Photograph events in your life to build a portfolio.
This can be birthday parties, music festivals, concerts or pretty much anything you’re attending as a guest.
Volunteer your time to the right organization.
As a principle, you should avoid working for free for people that can and should pay for a professional. However, volunteering for something like a non profit organization you believe in can be a great way to build your portfolio and support good cause.
Learn from a pro.
Start by assisting or second shooting for a seasoned professional. There are so many benefits to learning from someone rather than going it alone. Even if you are pretty familiar with the technical side of photography, you can learn go to settings, all about the gear you need, and other aspects of what its like to cover an event and run a business. By shadowing someone with experience, you can develop a template to follow or make your own when it comes to building your own business.
Leverage your connections.
Don’t be afraid to put it out there that you are building a portfolio or that you have already begun a professional photography business. If you’re lucky, you already happen to know event planners and such that you can network with.
Buy lenses first.
Camera bodies depreciate in value and by the time you are able to get the most out of one, something better will be released. Lenses, however, hold their value and are much more responsible for the quality of your images than a camera body.
Buy the lenses you will use most first.
Don’t be tempted by niche lenses like a 135mm (which I love by the way). I happen to love that lens, but it by far gets less use than a 24-70mm or 70-200mm lens.
Buy fast memory cards.
Trust me, its worth it. Not only will a fast card help with shooting speed and recording in certain video modes, but it will also just make the process of uploading your work faster.
Start low and incrementally raise them until you see a drop off in how much work you’re getting.
Always show up to a job early
Not only will this give you peace of mind, but it will also give you time to photograph static detail shots so that you are able to focus on what's happening once the event starts. .
Always dress appropriately.
If you’re not sure how to dress, don’t be afraid to ask your client. You should always over dress over under dressing.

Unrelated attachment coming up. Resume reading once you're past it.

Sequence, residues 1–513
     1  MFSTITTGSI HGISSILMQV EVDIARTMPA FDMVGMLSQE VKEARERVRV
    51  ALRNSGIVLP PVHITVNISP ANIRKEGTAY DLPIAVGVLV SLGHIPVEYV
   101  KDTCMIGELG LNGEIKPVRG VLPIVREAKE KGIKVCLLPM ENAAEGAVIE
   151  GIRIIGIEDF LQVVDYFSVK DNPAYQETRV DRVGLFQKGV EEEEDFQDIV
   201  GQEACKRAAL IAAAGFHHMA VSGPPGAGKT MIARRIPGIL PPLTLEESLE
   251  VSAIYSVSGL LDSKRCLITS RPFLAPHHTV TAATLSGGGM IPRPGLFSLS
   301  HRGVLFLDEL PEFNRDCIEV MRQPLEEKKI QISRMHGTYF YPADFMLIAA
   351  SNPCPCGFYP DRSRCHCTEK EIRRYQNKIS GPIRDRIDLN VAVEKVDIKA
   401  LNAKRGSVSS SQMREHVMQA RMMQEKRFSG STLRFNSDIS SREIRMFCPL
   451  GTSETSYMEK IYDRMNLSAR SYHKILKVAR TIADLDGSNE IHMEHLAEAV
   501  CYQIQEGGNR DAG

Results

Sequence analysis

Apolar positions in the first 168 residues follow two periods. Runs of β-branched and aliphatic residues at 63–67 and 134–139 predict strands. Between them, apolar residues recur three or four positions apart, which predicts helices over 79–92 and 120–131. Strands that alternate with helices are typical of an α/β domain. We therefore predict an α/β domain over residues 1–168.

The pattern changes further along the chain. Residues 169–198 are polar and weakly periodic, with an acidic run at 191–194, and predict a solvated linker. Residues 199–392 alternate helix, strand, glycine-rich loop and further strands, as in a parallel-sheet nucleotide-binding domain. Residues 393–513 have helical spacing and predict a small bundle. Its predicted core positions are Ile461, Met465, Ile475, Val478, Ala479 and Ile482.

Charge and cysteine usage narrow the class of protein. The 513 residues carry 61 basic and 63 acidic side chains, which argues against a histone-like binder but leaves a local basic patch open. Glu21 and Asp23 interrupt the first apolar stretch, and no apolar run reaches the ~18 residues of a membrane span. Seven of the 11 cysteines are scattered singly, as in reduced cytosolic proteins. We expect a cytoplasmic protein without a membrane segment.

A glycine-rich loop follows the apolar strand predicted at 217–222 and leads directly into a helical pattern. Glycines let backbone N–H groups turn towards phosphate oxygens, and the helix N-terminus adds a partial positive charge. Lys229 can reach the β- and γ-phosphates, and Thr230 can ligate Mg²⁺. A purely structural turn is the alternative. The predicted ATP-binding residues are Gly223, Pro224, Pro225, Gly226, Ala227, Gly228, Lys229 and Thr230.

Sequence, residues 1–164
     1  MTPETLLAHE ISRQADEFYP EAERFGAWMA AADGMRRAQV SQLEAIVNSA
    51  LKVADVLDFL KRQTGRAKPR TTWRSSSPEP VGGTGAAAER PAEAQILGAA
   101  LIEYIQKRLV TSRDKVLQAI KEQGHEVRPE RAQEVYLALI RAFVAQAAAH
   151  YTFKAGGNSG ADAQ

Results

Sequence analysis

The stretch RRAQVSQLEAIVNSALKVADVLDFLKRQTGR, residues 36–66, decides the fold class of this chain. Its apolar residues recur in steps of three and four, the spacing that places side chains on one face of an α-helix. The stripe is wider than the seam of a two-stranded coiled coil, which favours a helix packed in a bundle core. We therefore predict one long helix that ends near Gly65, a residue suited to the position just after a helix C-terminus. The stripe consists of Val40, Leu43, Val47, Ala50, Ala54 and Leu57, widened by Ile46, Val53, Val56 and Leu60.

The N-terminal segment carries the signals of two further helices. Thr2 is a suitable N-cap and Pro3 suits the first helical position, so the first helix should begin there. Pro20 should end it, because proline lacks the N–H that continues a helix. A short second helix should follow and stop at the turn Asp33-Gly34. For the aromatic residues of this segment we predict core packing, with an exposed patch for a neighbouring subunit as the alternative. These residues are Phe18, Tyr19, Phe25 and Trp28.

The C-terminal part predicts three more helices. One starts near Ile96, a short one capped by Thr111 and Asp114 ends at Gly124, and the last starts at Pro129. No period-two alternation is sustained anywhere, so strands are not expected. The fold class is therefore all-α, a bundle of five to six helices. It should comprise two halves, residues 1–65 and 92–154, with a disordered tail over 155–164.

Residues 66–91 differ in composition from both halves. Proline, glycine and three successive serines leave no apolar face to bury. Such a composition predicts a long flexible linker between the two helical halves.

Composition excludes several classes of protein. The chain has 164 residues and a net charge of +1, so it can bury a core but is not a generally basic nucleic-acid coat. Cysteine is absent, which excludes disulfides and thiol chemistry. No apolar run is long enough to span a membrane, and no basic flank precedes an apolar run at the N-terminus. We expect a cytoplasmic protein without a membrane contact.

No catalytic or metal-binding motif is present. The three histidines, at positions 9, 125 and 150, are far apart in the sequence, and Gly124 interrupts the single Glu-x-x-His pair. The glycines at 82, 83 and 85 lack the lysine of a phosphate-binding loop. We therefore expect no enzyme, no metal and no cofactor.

Smile to get people to smile back
Most people can not resist smiling back when you smile at them. It’s human nature. If you want people to smile, simply give them a big smile and they will reciprocate!
Make meaningful images! Never take a photo to take a photo. Shoot with intention.
I go into great detail in the full version of these tips. But the short version of it is that you should always be striving to make images that are actually about something. Never raise the camera to your eye just to make an image. Know what it is you are trying to capture. Shoot with intention.
Mix your shots up to tell a story
Watch the whole video where I cover shot types. Here they are:
Under promise / over deliver
Give realistic turn around times but always give yourself a buffer. If you think the edit will take 3 days, tell them it will take a week.
Cull your images.
Meticulously edit down your work. Do not put the burden of this on your client. You want to make it as easy as possible for them to find your best work, especially when your images will be used for social media or marketing.
Rate your photos!
Use my 5 star system or make up your own, but rate your photos now rather than later. You do not want to go through the laborious task of doing this a year from now when you decide to update your portfolio.
Maintain your clients
Be sure to stay in touch with your client after the job and develop a relationship. One way to do this is by using a mailing service like mail chimp.